Founding Father: Abraham Baldwin

NOTE: This is a reprint of an article written by Derrick G. Jeter

In the late eighteenth century, Georgia was America’s far-flung and backwoods colony. More of an appendix than a vital organ to the overall wellbeing of the original thirteen. Large in land, Georgia was puny in population—in 1787 it boasted of approximately 25,000 souls, while the city of Philadelphia boasted of 40,000 souls. But Georgia was growing, welcoming new citizens every year. In 1776, when the Declaration of Independence was signed, not one of the signers from Georgia was born there. And eleven years latter, when the Constitution of the United States was signed, none of the men representing the state originally hailed from the peach state.

Abraham Baldwin by Naegele.jpg

Portrait, Abraham Baldwin

One of those men, Abraham Baldwin, had only lived in Georgia for three years before his neighbors sent him to Philadelphia to represent them at the Constitutional Convention.

Born on November 23, 1754, in Guilford, Connecticut to a self-educated and ambitious blacksmith. Feeling the want of his own education, Baldwin’s father wanted his twelve children—of who Abraham was the second—to have a formal education. To accomplish that feat, Baldwin’s father went into deep debt. For his part, Baldwin attended Yale at the age of thirteen and studied theology. After graduating in 1772, Baldwin stayed on and tutored other students. Then war broke out.

During the American Revolution, Baldwin served as a chaplain, spending a miserable winter preaching to Washington’s troops encamped at Morristown, New Jersey. When he wasn’t preaching and ministering to the army, Baldwin passed the time reading law books.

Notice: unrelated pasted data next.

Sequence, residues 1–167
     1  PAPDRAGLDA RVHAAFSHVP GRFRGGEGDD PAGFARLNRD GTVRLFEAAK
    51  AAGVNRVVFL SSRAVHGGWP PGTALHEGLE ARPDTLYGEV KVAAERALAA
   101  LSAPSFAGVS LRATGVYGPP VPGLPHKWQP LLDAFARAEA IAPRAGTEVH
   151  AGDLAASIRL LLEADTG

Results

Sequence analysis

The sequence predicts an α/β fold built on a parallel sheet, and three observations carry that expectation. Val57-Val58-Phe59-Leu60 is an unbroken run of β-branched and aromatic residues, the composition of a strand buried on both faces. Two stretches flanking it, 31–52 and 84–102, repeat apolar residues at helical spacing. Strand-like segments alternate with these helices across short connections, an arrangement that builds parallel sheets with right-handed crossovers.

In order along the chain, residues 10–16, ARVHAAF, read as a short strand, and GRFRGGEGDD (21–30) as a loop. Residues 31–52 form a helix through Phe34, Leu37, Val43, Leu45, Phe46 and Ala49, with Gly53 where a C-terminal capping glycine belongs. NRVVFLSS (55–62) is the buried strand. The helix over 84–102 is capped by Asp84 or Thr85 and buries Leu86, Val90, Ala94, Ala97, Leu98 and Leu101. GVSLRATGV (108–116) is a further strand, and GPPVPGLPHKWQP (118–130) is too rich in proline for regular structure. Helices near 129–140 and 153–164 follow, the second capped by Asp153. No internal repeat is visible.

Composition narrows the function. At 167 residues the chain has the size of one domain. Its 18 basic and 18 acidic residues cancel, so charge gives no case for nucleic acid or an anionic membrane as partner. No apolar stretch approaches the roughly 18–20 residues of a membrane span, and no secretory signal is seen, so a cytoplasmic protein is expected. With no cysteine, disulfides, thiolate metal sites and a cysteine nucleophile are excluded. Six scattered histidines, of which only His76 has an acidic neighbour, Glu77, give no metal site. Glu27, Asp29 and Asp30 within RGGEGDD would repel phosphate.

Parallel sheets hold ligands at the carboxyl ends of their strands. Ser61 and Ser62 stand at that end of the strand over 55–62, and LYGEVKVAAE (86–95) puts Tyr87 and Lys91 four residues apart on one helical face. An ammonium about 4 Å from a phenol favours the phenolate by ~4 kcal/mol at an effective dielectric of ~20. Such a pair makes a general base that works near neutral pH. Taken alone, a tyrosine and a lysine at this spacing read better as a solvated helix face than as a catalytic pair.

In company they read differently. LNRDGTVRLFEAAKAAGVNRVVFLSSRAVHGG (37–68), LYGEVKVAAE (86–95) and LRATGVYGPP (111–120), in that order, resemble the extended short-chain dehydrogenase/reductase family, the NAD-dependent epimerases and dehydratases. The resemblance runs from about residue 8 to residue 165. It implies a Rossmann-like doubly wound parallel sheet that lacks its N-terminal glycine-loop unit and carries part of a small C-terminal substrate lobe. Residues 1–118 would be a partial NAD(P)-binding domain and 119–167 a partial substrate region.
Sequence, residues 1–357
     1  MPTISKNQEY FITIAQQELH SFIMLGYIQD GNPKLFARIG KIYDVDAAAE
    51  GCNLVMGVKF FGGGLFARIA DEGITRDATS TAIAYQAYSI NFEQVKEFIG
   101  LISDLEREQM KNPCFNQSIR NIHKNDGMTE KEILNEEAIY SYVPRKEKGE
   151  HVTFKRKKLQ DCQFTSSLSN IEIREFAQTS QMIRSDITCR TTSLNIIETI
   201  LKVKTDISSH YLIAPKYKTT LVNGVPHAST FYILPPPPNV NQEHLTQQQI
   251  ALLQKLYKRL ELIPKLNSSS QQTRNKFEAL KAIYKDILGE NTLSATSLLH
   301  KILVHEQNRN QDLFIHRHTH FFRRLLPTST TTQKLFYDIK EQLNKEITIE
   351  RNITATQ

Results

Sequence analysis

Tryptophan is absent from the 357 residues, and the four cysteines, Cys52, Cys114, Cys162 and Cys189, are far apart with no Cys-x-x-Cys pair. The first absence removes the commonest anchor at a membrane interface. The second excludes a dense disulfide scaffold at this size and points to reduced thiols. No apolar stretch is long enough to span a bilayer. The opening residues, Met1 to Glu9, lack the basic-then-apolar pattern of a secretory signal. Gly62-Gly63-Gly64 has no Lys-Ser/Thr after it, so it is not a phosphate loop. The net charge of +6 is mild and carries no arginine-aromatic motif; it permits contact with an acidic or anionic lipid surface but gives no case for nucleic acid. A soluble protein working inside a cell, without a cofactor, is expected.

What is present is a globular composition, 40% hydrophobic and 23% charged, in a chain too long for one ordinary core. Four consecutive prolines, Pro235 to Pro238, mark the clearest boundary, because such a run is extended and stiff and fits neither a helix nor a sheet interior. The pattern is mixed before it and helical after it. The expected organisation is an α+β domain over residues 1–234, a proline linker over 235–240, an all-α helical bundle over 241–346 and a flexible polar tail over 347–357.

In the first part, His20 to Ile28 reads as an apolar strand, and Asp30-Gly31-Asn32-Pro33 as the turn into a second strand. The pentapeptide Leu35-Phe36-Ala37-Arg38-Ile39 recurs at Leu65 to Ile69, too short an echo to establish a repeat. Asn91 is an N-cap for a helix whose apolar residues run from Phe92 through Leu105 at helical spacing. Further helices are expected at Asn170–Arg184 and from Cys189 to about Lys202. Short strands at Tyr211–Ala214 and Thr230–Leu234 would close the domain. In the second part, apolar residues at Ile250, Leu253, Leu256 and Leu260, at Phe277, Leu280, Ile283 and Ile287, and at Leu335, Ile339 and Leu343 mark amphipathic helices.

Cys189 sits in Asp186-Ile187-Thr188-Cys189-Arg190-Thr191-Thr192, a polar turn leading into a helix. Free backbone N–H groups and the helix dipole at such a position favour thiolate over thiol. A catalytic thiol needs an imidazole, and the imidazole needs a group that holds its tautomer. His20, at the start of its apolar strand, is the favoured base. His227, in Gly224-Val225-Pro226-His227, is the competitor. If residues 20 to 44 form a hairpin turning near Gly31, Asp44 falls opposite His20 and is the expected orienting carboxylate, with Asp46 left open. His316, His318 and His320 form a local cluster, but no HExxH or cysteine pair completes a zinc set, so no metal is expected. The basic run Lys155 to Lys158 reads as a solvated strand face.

At war’s end, and his service as an army chaplain terminated, Yale offered Baldwin a professorship in theology. But instead of taking the prestigious and lucrative post at Yale, Baldwin decided to try for the bar. And once admitted to practice law, he set up shop in Connecticut. However, after a year, Baldwin decided to move south, to the sparsely populated state of Georgia.

Arriving in Georgia’s backwoods area of Augusta in 1784, Baldwin soon—very soon—distinguished himself with the locals. Within three months he was elected to the state’s legislature. And within a year, he became the first president of Franklin College, the predecessor of the University of Georgia. (The first and oldest stated chartered institution of higher learning.) He would serve as university president for six years, until 1801.

Georgians were so taken with Baldwin they sent him to New York, then the capitol of the country, to serve in the Continental Congress and to Philadelphia to represent them at the Constitutional Convention. He was thirty-two and one of only three of the conventions bachelors—the others included Nicholas Gilman of New Hampshire and Daniel St. Thomas Jenifer of Maryland.